by Coleen Kaftan
To look at a Jim Salvati painting, is to experience a snapshot into the soul of his subjects. Each person portrayed in his work, which is thick and textured with oil paint, is telling a story about the life of the person, the emotion of that moment in time, their world surrounding them, and a warm sense of the human condition and its uniqueness. “We all have stories,” Salvati says, “and I like telling them.”
Born in 1957 in the Southern California town of Upland, Salvati is the oldest of three children born to parents who passed their love of art on to the next generation. Jim’s mother would paint and his father liked to fill the house with different pieces by various artists. “I had two uncles that were artists, one a fine artist and the other an architect, and I always admired their work. I remember seeing their art and photography and was amazed at the beauty of what they had created.”
Salvati grew up deeply immersed in the beach culture and had a soft spot for two activities, surfing and art. He decided to follow the path of many of his family members by studying architecture in college. This soon grew sour for him as he felt as though he was not on the right path.
“I learned that architecture was not as glamorous as I thought it would be. An instructor noticed my frustration and saw that I could draw. He recommended that I take some drawing classes.”
Salvati gave it a try and was soon accepted to the Art Center College of Design in Pasadena. He moved to attend Pasadena’s ACCD from Encinitas Ca.
Upon graduation, he immediately began painting for various industries including feature film, the surf industry, and advertising, and for companies such as Disney and Warner Bros. Today, fine art dominates his career.
“I still take on commercial jobs, but this time with the advantage to pick and choose. My years of working with Disney and the WB for the Harry Potterfilms still keep me active with both of these studios and my Disney Fine Art paintings from Collectors Editions are way too much fun. Artists such as Ellenshaw and Carlton are very talented and I admire their work. I feel lucky to be in the Disney collection with them.”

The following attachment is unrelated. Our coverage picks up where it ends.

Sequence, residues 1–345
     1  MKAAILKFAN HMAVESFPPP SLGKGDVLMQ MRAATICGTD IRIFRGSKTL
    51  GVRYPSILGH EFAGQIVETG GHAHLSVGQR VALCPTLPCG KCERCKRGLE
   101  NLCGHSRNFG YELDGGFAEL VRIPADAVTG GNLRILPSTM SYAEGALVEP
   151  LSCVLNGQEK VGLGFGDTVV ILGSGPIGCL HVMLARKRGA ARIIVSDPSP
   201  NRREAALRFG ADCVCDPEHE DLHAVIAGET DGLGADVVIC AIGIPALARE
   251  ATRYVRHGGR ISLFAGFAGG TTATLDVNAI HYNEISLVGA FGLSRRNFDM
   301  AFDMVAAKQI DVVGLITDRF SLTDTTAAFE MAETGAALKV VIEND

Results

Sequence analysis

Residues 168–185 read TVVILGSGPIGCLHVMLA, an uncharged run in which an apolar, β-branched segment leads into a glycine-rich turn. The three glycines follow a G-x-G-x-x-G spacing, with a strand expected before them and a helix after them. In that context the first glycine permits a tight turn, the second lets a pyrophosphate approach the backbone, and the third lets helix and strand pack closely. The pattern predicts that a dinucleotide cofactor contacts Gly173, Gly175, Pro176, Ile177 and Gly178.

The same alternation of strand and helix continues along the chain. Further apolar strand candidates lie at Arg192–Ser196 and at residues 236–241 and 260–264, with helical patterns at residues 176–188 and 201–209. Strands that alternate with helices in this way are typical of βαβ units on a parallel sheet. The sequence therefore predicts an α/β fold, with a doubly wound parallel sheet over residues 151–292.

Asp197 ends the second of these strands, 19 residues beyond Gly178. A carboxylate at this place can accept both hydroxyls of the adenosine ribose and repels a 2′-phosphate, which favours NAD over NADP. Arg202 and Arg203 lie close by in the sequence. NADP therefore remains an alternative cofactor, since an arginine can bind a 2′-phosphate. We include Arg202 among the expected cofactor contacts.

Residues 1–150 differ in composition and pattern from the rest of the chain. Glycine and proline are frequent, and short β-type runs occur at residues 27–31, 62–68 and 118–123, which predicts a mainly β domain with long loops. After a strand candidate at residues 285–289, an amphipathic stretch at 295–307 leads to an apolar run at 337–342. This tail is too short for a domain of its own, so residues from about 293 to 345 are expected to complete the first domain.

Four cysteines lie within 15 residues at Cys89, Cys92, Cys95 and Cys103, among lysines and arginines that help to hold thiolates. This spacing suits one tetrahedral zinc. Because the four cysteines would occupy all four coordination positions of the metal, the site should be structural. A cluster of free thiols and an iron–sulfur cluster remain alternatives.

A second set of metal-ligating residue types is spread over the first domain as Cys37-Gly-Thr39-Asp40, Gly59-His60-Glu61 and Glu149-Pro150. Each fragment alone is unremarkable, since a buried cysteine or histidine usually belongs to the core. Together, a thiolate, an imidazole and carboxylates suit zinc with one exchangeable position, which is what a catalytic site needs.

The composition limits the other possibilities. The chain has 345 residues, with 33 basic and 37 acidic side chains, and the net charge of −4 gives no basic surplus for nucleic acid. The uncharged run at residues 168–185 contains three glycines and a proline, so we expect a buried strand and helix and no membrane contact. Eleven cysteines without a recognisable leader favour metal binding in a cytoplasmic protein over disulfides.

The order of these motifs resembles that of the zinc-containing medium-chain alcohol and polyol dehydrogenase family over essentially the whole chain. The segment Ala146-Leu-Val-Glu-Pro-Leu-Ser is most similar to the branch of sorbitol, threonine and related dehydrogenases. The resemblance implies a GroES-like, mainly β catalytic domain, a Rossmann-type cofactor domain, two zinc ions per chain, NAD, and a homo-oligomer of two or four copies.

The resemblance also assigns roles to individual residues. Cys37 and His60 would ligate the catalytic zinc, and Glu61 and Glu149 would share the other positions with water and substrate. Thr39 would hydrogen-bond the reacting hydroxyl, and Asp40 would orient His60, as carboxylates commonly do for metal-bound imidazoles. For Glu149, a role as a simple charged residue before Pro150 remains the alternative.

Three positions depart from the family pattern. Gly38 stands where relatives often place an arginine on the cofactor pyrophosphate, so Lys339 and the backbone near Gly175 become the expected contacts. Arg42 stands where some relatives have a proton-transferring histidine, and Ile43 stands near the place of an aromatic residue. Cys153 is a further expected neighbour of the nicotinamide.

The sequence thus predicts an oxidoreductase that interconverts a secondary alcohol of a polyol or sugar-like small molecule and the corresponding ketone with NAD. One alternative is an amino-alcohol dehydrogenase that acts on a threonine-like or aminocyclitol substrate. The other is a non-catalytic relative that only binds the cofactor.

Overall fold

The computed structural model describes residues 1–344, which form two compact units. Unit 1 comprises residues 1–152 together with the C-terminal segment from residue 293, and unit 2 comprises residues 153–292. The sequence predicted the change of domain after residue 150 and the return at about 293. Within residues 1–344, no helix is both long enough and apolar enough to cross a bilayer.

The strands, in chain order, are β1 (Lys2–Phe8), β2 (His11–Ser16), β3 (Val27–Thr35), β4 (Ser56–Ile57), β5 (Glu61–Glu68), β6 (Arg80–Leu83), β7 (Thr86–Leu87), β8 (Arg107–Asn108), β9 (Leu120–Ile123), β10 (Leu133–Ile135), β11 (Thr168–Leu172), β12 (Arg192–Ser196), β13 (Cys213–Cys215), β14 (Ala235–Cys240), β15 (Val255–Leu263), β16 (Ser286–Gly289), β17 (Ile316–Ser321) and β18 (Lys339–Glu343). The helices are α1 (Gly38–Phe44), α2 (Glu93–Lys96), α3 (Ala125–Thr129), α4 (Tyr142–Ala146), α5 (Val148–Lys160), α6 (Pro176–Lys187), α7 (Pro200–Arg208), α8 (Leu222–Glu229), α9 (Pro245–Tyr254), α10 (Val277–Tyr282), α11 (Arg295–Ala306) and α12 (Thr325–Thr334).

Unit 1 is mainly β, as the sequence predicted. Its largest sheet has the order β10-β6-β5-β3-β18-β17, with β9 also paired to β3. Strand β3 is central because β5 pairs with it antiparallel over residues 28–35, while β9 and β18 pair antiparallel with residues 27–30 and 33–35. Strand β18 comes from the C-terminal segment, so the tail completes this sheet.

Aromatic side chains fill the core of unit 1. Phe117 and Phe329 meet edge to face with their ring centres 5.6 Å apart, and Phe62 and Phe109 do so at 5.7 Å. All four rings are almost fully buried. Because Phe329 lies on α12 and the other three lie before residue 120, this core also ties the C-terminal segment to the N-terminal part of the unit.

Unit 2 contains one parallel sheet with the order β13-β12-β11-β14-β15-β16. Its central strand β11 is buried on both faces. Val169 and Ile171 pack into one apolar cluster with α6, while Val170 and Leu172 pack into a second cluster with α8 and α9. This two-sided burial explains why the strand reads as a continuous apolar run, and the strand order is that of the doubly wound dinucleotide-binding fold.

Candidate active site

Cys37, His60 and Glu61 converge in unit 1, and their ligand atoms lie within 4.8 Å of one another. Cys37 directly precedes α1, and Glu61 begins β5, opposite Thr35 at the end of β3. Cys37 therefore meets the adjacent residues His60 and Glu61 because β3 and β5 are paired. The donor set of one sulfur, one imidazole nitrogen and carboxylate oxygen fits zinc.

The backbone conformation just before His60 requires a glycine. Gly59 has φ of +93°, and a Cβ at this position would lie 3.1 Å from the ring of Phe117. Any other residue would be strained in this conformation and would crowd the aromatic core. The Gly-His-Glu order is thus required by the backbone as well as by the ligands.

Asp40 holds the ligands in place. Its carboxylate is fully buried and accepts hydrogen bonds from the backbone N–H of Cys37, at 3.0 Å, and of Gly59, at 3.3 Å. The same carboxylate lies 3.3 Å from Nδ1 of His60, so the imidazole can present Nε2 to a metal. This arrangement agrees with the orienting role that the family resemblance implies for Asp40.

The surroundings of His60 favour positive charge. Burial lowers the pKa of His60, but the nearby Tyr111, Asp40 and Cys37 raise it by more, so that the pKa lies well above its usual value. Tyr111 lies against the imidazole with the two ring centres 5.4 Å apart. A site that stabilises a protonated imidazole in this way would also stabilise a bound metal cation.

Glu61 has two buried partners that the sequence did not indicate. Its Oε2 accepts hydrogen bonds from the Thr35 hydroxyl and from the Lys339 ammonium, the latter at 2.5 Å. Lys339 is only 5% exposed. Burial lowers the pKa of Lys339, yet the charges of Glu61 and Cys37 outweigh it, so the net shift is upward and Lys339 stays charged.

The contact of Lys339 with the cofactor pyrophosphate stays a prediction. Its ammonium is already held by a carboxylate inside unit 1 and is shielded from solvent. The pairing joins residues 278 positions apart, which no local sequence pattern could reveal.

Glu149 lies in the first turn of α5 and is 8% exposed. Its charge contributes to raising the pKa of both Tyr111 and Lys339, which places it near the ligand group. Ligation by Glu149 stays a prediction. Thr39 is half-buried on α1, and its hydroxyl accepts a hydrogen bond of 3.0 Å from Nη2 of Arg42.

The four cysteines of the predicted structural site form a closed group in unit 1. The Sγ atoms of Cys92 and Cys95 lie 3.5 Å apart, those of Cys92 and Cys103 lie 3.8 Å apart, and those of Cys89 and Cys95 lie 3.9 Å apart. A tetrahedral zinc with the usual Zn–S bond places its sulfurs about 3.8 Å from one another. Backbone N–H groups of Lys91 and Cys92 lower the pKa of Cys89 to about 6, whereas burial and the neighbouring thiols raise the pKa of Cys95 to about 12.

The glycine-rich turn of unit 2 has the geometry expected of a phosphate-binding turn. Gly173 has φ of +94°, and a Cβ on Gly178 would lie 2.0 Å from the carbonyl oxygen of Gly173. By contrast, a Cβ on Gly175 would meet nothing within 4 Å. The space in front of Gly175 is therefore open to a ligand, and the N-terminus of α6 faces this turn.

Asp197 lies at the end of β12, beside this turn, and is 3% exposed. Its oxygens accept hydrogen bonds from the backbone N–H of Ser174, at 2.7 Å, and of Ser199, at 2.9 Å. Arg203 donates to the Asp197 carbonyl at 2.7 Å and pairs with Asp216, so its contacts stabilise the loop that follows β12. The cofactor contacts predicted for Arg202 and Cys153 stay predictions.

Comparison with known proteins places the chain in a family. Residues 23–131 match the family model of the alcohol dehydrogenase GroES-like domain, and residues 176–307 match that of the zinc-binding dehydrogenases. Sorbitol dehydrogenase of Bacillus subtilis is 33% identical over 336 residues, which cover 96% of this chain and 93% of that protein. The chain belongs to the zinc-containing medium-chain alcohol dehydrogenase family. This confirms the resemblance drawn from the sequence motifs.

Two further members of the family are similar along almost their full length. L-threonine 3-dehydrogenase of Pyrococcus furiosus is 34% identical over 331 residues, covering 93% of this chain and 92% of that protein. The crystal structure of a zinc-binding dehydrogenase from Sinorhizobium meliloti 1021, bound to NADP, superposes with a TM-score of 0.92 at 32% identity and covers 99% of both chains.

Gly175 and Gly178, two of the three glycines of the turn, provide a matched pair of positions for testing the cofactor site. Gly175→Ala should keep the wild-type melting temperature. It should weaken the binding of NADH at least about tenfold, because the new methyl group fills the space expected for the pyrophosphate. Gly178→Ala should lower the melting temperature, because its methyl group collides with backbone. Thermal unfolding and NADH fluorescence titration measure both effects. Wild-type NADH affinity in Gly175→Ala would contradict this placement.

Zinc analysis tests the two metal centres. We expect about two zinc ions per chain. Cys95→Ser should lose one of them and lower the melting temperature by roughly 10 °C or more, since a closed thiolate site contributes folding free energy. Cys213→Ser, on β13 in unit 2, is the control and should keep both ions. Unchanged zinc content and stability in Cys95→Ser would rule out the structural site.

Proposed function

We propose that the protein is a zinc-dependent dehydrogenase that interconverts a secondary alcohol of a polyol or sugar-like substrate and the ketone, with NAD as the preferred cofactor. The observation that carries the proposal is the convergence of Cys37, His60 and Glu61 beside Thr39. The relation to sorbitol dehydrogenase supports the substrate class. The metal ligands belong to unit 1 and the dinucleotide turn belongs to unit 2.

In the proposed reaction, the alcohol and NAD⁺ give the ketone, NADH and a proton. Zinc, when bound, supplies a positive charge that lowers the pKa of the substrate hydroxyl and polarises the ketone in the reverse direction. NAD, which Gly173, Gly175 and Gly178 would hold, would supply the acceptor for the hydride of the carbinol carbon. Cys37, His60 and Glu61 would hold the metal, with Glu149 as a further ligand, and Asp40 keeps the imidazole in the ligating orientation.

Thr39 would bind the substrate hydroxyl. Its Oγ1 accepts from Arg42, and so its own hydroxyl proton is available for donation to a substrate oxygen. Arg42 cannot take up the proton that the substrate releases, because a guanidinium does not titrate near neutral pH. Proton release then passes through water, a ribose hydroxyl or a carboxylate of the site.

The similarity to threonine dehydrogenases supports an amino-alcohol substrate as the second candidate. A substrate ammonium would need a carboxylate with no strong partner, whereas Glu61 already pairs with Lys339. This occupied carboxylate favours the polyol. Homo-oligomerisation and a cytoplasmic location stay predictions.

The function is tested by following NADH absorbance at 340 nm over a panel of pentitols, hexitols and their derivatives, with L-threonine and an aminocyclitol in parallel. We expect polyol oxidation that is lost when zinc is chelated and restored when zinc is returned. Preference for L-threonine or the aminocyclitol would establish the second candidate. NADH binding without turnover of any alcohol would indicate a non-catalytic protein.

Describing his portraits as contemporary realism, Salvati sees his paintings as his portal into various cultures and different areas of society. “I like the connection between people and their culture,” he says.
“The different emotions, gestures, moods, environments, and style of people in my life and those that I cross paths with, all become part of my storytelling. Even with my Disney art, I think it’s important to show who a person or character is and what is the most interesting part of their life that which is bold and has guts. I really feed off the reaction of other people to my work. I want to tell all of my subjects’ stories and often the only thing holding me back is time. I race the clock every day.”
Working in oil paint, Salvati uses panel and sometimes mounted paper preferring the option of layering paint to create a lot of texture, as he feels that an uneven surface adds to the emotion of the story. “My paintings are extremely thick and layered,” he says. “I love how experimental oil allows me to be. I can keep the colors moving until I like what they have done to the piece.” My influences are Lucian Frued, Jeffrey Jones, Kent Williams, Yevse Moiseyenko, Andy Warhol John Singer Sargent and Helnwein.
Today, Salvati lives in the same Southern California area near the famous surf spot Malibu. They have two sons, Max, 20, and Vince who is 15 years old. They also have two dogs, a 12 year old chocolate labrador named Hank and a one year old pug, Buster. When not in his studio working, Salvati can be found in the water, whether its a pool or the ocean.
“I work doctors’ hours. If it is a good surf day, I will work really early in the morning and then surf from noon to 2 p.m. Afterward, I’d go right back to painting. When there is no surfing, I will work 12-hour days, seven days a week. I am at a stage in my career where I can control my work load, keep my lifestyle intact, and hang out with my wife and kids.”
Outside of the studio and when not on a surfboard in the Pacific Ocean, he enjoys sports, and working on films with his filmmaker son. “In a lot of ways, filmmaking is like painting. Both tell a tale.” Salvati listens to a wide range of music from Radiohead to the Beatles to Ella Fitzgerald while he paints. Since 1985, he has been an instructor at the Art Center College of Design where he had graduated just three years before.
“I emphasize to my students the importance of getting their passion out in their work and to tell their stories.
“I prefer the darker side of story telling and image making because it is more interesting than just a milk-toast style. This is how I approach my Disney Fine Art pieces as well. I choose the moodiest and edgiest figures to work on. Cult films like Alice in Wonderlandare fun, Fantasia’s hallucinating imagery, and any of the evil, dark queens and princesses help to create more than just a pretty picture.”
Credit: ART WORLD NEWS
ARTIST VITAE: Page 36
"JIM SALVATI: BRINGING EDGY CHARACTERS TO LIFE"